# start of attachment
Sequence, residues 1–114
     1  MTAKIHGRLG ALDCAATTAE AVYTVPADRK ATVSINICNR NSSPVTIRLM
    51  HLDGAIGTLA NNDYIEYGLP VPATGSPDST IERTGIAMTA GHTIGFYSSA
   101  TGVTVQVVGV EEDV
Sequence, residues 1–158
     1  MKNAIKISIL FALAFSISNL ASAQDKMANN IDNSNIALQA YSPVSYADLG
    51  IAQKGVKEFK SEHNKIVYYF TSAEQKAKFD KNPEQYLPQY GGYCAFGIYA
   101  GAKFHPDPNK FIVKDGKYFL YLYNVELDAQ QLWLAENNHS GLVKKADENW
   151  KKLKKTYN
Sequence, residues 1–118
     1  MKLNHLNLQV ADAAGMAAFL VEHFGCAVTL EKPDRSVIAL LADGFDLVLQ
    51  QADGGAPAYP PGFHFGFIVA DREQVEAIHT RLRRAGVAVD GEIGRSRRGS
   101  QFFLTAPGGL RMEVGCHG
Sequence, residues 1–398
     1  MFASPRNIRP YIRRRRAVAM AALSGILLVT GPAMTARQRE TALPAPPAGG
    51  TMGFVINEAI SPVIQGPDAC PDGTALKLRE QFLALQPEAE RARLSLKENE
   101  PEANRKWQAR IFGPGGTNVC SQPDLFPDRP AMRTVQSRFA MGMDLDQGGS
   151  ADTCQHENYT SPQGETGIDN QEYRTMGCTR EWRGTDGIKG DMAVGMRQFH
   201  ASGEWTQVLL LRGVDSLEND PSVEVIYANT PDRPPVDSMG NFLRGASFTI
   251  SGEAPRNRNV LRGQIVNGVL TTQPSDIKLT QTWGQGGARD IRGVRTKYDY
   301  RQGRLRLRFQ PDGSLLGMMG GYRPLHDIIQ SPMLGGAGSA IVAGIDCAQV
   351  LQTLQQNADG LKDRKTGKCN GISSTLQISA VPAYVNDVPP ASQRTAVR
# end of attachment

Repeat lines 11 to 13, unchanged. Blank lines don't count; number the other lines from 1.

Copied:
     1  MKLNHLNLQV ADAAGMAAFL VEHFGCAVTL EKPDRSVIAL LADGFDLVLQ
    51  QADGGAPAYP PGFHFGFIVA DREQVEAIHT RLRRAGVAVD GEIGRSRRGS
   101  QFFLTAPGGL RMEVGCHG